"I’ve long thought that the biggest single problem in the world is the failure of “moral imagination”—the inability or unwillingness of people to see things from the perspective of people in circumstances different from their own. Especially incendiary is the failure to extend moral imagination across national, religious, or ethnic borders. If a lack of moral imagination is indeed the core problem with America’s foreign policy, and Ron Paul is unique among presidential candidates in trying to fight it, I think you have to say he’s doing something great, notwithstanding the many non-great and opposite-of-great things about him (and notwithstanding the fact that he has in the past failed to extend moral imagination across all possible borders). Paul’s hawkish detractors may succeed in using him to taint a non-interventionist foreign policy. Even so, if in the meanwhile Paul gets enough people exercising their moral imaginations, maybe doves will get the last laugh."
“[F]ailed to extend moral imagination across all possible borders”? Pardon my French, but is this guy fucking joking with this kind of understatement? Even if you’ve somehow miraculously rationalized away all his past behavior as some kind of fluke, he “was” still a virulent racist, homophobe, anti-Semite, and misogynistic creep. Please, google anything he’s ever written. He claims to want government out of our lives—has been quoted as saying government is WORKING as long as it provides “guns and gold” to the people—but supports the Defense of Marriage Act, opposed the Civil Rights Act, opposed Net Neutrality, opposes the separation of church and state despite being a “constitutionalist” and a believer in the vision of the founding fathers, DIDN’T VOTE AGAINST THE INDEFINITE DETENTION BILL, and believes it’s fine for the government to dictate the contents and comportment of people with uteruses, among countless other terrifying and offensive deeds. I’m so goddamn sick of people wanting to give him a high five for being theoretically anti-war and pro-marijuana. “Lack of moral imagination”? This guy is the POSTER BOY for a lack of moral imagination, not some unique visionary.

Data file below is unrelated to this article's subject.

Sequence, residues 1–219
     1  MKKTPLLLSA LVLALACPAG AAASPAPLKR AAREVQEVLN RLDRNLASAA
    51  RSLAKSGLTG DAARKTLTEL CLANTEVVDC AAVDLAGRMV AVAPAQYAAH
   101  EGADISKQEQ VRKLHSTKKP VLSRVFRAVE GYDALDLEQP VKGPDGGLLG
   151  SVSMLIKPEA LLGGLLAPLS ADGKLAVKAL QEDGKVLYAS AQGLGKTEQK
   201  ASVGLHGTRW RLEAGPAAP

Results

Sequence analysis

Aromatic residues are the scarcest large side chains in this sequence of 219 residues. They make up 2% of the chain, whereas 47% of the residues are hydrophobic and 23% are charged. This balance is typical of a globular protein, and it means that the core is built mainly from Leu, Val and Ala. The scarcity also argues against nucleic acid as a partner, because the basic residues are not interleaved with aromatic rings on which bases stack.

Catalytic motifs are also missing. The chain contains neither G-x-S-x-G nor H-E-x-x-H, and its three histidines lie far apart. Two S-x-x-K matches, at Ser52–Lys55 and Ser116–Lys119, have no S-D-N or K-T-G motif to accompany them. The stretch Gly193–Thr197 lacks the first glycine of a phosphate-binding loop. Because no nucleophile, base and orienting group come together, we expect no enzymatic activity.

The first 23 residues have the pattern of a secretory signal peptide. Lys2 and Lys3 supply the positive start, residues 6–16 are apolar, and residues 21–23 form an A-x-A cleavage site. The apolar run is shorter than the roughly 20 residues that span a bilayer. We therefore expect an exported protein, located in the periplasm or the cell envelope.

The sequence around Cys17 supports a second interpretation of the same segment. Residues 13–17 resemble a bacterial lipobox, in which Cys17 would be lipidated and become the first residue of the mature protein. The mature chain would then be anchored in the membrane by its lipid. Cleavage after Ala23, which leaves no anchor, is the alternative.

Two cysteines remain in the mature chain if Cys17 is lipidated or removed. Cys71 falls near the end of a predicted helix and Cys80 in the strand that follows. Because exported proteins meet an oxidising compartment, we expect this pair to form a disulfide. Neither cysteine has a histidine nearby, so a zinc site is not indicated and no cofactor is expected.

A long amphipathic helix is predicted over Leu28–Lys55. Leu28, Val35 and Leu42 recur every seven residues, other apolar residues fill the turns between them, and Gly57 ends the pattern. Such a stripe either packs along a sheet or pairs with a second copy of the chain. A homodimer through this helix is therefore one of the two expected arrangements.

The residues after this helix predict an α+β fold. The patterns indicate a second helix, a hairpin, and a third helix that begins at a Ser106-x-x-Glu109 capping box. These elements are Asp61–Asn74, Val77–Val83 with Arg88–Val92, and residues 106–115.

But as we get to the playoffs, the protestations and pandering may turn into a discussion of God and man and the electorate that is far more intense, and potentially ugly. It could also be illuminating. Even in the dingiest bar, in an urban ruin or a hotel in New Hampshire, there is always, at least theoretically, the possibility that one might, suddenly and unexpectedly, hear a joyful noise, or at least a few, stray, rational words from one of the candidates. And yet that prospect seems remote: it would mean a different campaign, with a far different tone than we have seen and heard so far.
- In today’s Daily Comment, Amy Davidson writes about the Iowa caucuses and how religion will continue to shape the race: http://nyr.kr/z3CipV
I’m not sure if it’s amusing or incredibly sad that this headline hasn’t made an appearance in a single one of my American news sources.
The NAACP says voting rights are being whittled down at every stage of the electoral process. First of all, the registration of new voters is being impeded in several states by moves to block voter registration drives that have historically proved to be an important way of bringing black and Hispanic people to the poll.
Four states – Florida, Iowa, Kentucky and Virginia – continue to withhold the vote from anyone convicted of a criminal offence. In Florida, offenders who have completed their sentences have to wait at least five years before they can even apply to restore their right to register to vote.